1 cup orange juice

1 cup honey, plus more for drizzling

½ teaspoon baking soda

3 large eggs, at room temperature

1 cup (packed) brown sugar

1 cup sugar

¾ cup canola oil

2 cups all-purpose flour

1 ½ teaspoons baking powder

¼ teaspoons ground cloves

1 Tablespoon ground cinnamon

½ teaspoon ground nutmeg

1 teaspoon kosher salt

Toasted almonds (optional)

Powdered sugar (optional)

Directions

Preheat the oven to 350F. Combine the orange juice and honey in a large saucepan. Place it over medium-low heat, bring it to a simmer, and simmer until the liquids have come together and you can no longer feel any honey sticking to the bottom of the pan, about 5 minutes. Remove the pan from the heat and add the baking soda; stir to combine, then set the pan aside.

In a large bowl, combine the eggs and sugars and whisk vigorously until smooth. Then add the oil and whisk until the mixture is completely emulsified and smooth. Pour the reserved orange juice mixture into the egg mixture and whisk for a few seconds to combine.

In another large bowl, combine the flour, baking powder, cloves, cinnamon, nutmeg and salt; mix together with a spatula. Pour the liquid mixture into the dry ingredients and whisk, scraping down the sides with a spatula, until any lumps are eliminated, 10 to 15 seconds.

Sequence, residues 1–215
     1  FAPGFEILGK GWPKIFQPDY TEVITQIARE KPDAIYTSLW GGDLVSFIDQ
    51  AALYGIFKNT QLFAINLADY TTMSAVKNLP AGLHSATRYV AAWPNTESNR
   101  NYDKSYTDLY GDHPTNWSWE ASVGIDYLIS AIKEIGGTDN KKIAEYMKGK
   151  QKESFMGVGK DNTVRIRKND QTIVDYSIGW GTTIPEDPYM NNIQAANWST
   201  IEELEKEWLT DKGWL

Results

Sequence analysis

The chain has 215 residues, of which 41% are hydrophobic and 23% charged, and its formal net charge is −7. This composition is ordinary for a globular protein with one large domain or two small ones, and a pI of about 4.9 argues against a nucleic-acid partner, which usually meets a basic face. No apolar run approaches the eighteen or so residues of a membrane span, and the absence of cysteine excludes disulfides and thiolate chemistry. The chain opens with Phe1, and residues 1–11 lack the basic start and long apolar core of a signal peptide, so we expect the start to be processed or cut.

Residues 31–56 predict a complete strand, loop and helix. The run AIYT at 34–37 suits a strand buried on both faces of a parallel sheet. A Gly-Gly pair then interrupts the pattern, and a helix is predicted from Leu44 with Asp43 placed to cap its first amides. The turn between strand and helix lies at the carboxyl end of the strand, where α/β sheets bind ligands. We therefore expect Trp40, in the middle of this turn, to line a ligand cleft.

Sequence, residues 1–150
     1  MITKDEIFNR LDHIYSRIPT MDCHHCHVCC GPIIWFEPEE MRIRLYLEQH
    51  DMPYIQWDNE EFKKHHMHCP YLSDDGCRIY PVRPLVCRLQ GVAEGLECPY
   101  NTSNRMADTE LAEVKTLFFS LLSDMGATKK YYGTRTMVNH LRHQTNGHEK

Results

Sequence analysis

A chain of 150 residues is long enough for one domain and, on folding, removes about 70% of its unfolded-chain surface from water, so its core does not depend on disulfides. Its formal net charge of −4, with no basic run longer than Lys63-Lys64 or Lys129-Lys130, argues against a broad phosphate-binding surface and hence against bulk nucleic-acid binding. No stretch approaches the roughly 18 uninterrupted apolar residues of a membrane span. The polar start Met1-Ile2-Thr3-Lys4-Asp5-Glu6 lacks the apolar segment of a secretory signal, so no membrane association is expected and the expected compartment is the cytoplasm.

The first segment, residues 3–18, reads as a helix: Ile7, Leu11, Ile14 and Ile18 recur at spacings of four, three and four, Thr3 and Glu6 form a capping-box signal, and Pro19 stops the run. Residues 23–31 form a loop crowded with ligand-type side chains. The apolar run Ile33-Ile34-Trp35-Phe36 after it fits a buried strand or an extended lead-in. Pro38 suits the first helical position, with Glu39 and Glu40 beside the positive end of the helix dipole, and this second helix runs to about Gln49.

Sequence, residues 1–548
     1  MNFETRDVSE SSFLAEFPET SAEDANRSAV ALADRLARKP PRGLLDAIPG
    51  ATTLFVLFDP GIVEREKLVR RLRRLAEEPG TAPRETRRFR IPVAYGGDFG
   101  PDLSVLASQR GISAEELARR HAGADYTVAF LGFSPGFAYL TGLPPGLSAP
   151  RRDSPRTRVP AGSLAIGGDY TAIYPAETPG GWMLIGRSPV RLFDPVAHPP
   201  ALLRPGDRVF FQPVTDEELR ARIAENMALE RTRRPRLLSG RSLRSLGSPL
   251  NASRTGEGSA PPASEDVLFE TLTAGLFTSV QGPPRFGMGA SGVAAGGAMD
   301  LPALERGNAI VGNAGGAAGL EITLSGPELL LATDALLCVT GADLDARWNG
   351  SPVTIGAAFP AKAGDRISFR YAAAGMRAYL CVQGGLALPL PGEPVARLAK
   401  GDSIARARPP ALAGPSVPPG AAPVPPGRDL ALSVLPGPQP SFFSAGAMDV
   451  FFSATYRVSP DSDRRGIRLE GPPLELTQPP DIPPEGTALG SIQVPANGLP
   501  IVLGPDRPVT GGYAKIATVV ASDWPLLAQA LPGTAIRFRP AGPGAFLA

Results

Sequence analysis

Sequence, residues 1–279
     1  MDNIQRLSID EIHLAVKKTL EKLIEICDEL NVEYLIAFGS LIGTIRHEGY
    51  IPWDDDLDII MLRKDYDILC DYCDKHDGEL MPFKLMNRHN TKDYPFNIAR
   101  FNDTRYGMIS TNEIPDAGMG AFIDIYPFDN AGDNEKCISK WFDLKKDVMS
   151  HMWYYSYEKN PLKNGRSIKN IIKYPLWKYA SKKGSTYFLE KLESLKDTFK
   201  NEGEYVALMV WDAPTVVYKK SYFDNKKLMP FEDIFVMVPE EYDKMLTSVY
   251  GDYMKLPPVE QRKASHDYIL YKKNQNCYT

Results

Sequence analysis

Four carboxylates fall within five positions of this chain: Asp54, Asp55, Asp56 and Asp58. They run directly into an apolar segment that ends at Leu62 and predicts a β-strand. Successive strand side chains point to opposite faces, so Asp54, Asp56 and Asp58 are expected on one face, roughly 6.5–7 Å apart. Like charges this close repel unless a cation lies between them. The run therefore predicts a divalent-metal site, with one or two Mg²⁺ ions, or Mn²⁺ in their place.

Grease a Bundt pan with oil or cooking spray and dust the pan liberally with flour, tapping out any excess. Pour the batter into the pan and bake on the middle rack of the oven until the surface starts turning a golden brown about 15 minutes. (Or longer, depending on how badly your oven needs to be recalibrated.) Rotate the pan 180 degrees and tent it lightly with aluminum foil. Continue baking until a thermometer inserted reads 200F and a knife comes clean. Another 20 to 25 minutes. (Or more, depending on how badly your oven needs to be recalibrated.) Cool the cake completely on a wire rack. Invert it onto a serving plate and drizzle it with honey. Top with toasted almonds and powdered sugar, if you like.